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Adam Clarke

Adam grew up in Somerset, and after two decades living and working in various places throughout the UK is really happy to be back and settled in a county with such an abundance of nature and wildlife.

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Tell us about yourself

I grew up in Somerset, and after two decades living and working in various places throughout the UK, I’m really happy to be back and settled in a county with such an abundance of nature and wildlife. I specialise in combining time spent in nature, movement, and the sharing of “lived experience”, to nourish the wellness of people and organisations, guiding thoughtful change through deep-listening, focused introspection, and experiential learning.

Why do you love getting outside in Somerset?

Somerset is unique; with landscapes and terrains that magically transform through the seasons, stirring the senses, invigorating the body, and lightening the mind no matter the weather. For me, nature is a source of great healing. I feel privileged to live in a part of the country where within minutes I can immerse myself in an array of restorative spaces and find an antidote to daily stresses and strains; a whispering shoreline to quiet the days thoughts, a woodland to ground the body, or open fields to take pause and reflect. Nature is a gifted problem solver; a panacea for almost anything when time is taken to observe and listen.

Can you tell us a little more about any outdoor activities you love in particular, and how you got into them? 

Whether resting beneath a tree, or getting lost on the Quantocks, you are never far from a secret world of wildlife and hidden natural structures. Exploring nature through the lens is a favourite past-time. I’ve always used photography as something of a diary, to craft or capture visual moments to reflect upon, specifically macro. Discovering secret worlds through the lens, before taking a moment to step back and contrast it with being present within a vast open space is something special. Walking, meditating, and moving the body outdoors are also core parts of my “nature practice” – both personally and professionally. It can be really liberating to explore animal movements, feeling the earth beneath your feet, (re)connecting with a more ancestral, almost tribal feeling of the earth.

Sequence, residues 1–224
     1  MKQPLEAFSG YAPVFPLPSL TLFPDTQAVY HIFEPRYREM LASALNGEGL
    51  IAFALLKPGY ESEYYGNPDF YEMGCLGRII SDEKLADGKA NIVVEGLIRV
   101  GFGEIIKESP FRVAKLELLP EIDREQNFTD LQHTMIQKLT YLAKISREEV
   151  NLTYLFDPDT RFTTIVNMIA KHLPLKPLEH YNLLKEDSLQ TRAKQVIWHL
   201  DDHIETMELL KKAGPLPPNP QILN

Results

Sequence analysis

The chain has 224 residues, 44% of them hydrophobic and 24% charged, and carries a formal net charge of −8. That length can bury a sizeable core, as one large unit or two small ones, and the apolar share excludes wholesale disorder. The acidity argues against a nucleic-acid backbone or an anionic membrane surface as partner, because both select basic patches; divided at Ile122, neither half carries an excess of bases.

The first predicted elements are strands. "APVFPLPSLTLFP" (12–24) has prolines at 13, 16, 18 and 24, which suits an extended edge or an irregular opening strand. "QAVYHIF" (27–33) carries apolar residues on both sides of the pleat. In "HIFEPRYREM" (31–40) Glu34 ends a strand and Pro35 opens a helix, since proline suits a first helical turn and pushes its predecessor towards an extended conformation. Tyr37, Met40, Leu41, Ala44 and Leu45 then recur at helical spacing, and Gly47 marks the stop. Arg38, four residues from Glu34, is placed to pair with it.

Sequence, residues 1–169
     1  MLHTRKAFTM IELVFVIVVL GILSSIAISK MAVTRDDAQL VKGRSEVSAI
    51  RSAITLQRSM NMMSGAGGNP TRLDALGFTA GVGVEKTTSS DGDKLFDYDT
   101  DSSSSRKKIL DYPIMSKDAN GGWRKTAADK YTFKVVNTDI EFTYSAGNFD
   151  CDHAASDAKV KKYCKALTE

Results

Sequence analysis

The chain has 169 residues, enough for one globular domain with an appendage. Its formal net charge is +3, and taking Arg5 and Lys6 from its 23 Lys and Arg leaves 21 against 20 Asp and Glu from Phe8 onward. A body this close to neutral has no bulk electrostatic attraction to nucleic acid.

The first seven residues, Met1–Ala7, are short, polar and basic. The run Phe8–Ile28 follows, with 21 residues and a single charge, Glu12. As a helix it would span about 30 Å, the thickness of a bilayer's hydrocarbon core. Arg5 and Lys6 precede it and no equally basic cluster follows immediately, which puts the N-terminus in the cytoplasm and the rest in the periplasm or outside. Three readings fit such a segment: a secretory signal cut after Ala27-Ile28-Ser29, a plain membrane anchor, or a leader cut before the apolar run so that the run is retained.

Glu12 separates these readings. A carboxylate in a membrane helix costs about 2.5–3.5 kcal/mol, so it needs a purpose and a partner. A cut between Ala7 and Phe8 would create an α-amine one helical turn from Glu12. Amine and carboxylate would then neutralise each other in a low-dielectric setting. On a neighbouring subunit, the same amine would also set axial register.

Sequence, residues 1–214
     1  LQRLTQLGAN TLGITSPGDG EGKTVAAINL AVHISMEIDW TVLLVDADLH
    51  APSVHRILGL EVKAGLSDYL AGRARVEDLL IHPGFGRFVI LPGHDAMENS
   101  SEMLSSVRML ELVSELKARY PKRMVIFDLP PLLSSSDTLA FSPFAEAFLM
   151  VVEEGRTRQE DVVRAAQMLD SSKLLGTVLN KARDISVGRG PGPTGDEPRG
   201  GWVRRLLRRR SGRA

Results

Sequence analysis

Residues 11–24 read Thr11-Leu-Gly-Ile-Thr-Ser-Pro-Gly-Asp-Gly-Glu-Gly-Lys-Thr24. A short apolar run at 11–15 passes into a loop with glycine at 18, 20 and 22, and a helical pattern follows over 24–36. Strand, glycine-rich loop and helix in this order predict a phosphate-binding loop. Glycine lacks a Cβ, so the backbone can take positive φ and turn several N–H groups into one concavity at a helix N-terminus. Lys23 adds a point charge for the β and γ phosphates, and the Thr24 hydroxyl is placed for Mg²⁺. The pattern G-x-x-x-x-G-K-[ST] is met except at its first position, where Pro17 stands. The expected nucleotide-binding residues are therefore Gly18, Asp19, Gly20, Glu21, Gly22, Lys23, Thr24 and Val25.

Where are your favourite places to go in Somerset?

Some of my favourite places to explore and visit are ‘Great Wood’, on the Quantock Hills, where you can literally be roaming woodland one minute, yet find a contemplative spot by a meandering stream the next; Ebbor Gorge, on the Mendip Hills, for spectacular views out across North Somerset; and Mells river, where you can trace its banks before it merges into the River Frome, to meander beyond. They’re all very different locations, and I love them all for very different reasons, but they each hold an equal measure of sentimentality and real sensory magic.

What advice would you give to people who want to get outside more? 

In my opinion, it’s not possible to overstate just how beneficial getting outside and being in nature can be, for both physical and mental health and wellbeing. If you feel disenchanted with work, struggling to make sense of a personal or professional challenge, or even if you’re finding it difficult to sleep, know that spending just an hour in the great outdoors, breathing in the fresh air and absorbing sunlight, will rebalance you. Research across science and medical disciplines continually proves how beneficial time in nature can be. Disconnect from your screens and find a ‘nature routine’. Your body and mind will thank you, and you’ll feel at once more energised, relaxed and refreshed.